- Structural Classification of Proteins
The Structural Classification of Proteins (SCOP) database is a largely manual classification of protein
structural domains based on similarities of their amino acidsequences and three-dimensional structures.
Originally published in 1995cite journal | author = Murzin AG, Brenner SE, Hubbard T, Chothia C | title = SCOP: a structural classification of proteins database for the investigation of sequences and structures | journal = J. Mol. Biol. | volume = 247 | issue = 4 | pages = 536–40 | year = 1995 | pmid = 7723011 | doi = 10.1006/jmbi.1995.0159 ] it is usually updated at least once yearly by
Alexei G. Murzinand his colleagues,cite journal | author = Lo Conte L, Brenner SE, Hubbard TJ, Chothia C, Murzin AG | title = SCOP database in 2002: refinements accommodate structural genomics | journal = Nucleic Acids Res. | volume = 30 | issue = 1 | pages = 264–7 | year = 2002 | pmid = 11752311 | doi = 10.1093/nar/30.1.264 ] cite journal | author = Andreeva A, Howorth D, Brenner SE, Hubbard TJ, Chothia C, Murzin AG | title = SCOP database in 2004: refinements integrate structure and sequence family data | journal = Nucleic Acids Res. | volume = 32 | issue = Database issue | pages = D226–9 | year = 2004 | pmid = 14681400 | doi = 10.1093/nar/gkh039 ] upon whose expertise the classification rests.
SCOP utilizes four levels of hierarchic structural classification:
# class - general "structural architecture" of the domain
# fold - similar arrangement of regular secondary structures but without evidence of evolutionary relatedness
# superfamily - sufficient structural and functional similarity to infer a divergent evolutionary relationship but not necessarily detectable sequence homology
# family - some sequence similarity can be detected.
Comparison to other classification systems
This classification is more significantly based on the human expertise than semi-automatic
CATH, its chief rival. It is usually accepted that SCOP provides a better justified classification. Human expertise is needed to decide whether certain proteins are evolutionary related and therefore should be assigned to the same superfamily, or their similarity is a result of structural constraints and therefore they belong to the same fold. Another database, FSSP, is purely automatically generated (including regular automatic updates) but offers no classification, allowing the user to draw their own conclusion as to the significance of structural relationships based on the pairwise comparisons of individual protein structures.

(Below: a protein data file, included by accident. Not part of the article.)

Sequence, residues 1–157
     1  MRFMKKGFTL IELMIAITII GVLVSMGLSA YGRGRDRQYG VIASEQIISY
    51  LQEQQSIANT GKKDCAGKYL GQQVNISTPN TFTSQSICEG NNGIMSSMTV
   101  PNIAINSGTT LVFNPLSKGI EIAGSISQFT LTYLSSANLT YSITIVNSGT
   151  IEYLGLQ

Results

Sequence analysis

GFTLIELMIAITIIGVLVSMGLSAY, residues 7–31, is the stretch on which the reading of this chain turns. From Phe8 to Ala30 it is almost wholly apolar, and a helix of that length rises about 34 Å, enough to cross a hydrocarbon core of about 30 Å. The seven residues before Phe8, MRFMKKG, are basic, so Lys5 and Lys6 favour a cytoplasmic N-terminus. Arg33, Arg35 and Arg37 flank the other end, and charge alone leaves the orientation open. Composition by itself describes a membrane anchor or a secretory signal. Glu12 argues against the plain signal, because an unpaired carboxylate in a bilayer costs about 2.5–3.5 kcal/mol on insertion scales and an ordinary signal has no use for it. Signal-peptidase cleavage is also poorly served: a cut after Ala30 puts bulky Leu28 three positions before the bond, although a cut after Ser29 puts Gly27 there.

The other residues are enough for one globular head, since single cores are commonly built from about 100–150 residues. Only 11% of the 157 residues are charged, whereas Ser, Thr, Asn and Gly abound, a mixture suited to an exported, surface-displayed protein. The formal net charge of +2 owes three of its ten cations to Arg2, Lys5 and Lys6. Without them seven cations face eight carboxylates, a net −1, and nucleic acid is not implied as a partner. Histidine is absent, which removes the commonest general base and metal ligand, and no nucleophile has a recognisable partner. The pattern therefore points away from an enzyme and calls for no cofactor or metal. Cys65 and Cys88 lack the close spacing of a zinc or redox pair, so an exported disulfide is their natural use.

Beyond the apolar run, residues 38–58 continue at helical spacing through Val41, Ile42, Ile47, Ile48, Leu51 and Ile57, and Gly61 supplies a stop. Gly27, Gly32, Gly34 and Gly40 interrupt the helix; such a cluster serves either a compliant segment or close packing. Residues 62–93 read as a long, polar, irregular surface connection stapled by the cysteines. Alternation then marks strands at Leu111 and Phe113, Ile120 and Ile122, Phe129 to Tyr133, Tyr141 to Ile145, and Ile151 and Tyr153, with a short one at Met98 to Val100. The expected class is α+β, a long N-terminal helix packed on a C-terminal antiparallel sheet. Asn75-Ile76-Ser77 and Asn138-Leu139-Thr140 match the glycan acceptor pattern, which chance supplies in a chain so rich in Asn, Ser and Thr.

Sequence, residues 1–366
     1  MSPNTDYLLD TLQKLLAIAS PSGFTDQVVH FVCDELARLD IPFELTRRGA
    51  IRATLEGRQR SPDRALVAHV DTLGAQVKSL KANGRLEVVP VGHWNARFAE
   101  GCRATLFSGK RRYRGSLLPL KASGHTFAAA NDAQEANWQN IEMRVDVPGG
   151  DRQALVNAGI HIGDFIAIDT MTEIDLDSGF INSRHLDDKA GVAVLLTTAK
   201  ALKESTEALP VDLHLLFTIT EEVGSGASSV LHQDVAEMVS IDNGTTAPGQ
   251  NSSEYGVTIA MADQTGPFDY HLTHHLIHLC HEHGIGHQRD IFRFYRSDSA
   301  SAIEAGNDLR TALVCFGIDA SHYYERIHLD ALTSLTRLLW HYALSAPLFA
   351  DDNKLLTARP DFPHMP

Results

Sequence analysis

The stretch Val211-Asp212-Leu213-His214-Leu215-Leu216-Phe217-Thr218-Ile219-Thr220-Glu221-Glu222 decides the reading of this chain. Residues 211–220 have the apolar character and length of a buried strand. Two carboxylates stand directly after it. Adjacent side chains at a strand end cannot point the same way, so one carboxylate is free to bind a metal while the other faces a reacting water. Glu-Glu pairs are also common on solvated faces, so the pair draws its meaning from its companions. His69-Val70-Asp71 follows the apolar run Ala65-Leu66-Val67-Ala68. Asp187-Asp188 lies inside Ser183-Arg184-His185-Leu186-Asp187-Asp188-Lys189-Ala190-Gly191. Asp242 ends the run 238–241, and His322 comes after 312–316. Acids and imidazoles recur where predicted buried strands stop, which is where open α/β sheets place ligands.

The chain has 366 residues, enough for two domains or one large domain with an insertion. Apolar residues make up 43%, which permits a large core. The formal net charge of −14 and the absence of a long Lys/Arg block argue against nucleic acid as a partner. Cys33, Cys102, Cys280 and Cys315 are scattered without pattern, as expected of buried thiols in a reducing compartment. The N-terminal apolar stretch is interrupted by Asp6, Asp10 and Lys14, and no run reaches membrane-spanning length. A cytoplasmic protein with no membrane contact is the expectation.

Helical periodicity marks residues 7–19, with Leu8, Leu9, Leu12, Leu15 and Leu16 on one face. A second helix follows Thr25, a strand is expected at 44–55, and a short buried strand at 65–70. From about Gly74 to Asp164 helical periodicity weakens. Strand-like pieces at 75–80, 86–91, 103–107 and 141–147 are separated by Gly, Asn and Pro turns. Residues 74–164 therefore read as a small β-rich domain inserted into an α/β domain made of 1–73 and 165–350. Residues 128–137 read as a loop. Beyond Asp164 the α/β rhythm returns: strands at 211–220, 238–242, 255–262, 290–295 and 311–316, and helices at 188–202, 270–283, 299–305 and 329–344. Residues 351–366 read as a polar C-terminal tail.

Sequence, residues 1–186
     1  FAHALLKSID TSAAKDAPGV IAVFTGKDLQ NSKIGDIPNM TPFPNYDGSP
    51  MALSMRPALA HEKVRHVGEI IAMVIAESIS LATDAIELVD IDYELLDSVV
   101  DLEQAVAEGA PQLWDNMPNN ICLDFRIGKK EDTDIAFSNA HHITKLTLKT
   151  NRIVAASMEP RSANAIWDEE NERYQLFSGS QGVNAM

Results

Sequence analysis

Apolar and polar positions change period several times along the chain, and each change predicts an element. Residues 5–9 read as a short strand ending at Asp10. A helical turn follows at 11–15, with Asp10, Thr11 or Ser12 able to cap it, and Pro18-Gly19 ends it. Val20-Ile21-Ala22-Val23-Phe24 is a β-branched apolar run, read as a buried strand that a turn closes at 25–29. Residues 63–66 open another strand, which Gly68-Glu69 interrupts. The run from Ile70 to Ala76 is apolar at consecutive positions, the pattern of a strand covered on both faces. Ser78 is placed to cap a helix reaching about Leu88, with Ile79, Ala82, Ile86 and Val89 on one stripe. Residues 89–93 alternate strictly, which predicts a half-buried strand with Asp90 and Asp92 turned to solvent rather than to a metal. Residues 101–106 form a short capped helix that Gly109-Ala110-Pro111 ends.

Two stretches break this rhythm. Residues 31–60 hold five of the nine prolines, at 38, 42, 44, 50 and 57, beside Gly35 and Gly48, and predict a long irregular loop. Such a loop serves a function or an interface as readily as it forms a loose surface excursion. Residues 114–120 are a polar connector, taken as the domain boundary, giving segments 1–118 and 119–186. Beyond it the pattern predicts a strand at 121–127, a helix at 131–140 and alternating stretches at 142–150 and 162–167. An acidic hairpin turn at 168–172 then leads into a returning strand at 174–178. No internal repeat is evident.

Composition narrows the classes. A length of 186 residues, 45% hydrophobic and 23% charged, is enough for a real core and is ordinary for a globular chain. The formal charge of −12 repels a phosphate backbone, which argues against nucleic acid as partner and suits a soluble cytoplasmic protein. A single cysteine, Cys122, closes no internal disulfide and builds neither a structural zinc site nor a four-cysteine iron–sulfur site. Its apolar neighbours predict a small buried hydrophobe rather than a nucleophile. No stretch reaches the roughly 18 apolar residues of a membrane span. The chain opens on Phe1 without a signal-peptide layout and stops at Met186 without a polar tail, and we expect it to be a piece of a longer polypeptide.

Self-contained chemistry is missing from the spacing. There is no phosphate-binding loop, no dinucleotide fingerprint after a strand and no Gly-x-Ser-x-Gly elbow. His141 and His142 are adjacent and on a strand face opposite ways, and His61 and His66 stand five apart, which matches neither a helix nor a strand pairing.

SCOP includes the following structural classes:
# α-helical domains
# β-sheet domains
# α/β domains which consist of from "beta-alpha-beta" structural units or "motifs" that form mainly parallel β-sheets
# α+β domains formed by independent α-helices and mainly antiparallel β-sheets
# multi-domain proteins
# membrane and cell surface proteins and
peptides (not including those involved in the immune system)
# "small" proteins
# low-resolution protein structures
# peptides and fragments
# designed proteins of non-natural sequence
Wikilinks to SCOP
To cite a particular SCOP page in Wikipedia, use the template of the form
|xxxxxx, where xxxxxx is a SCOP accession number, for instance SCOP|46456.
* [http://scop.mrc-lmb.cam.ac.uk/scop/ Structural Classification of Proteins]
* [http://navi.services.came.sbg.ac.at/bin/qCOPS.html qSCOP — SCOP Quantified by Structural Relationships]
* [http://supfam.org/SUPERFAMILY/ SUPERFAMILY] Library of HMMs representing SCOP superfamilies and database of (superfamily and family) annotations for all completely sequenced organisms
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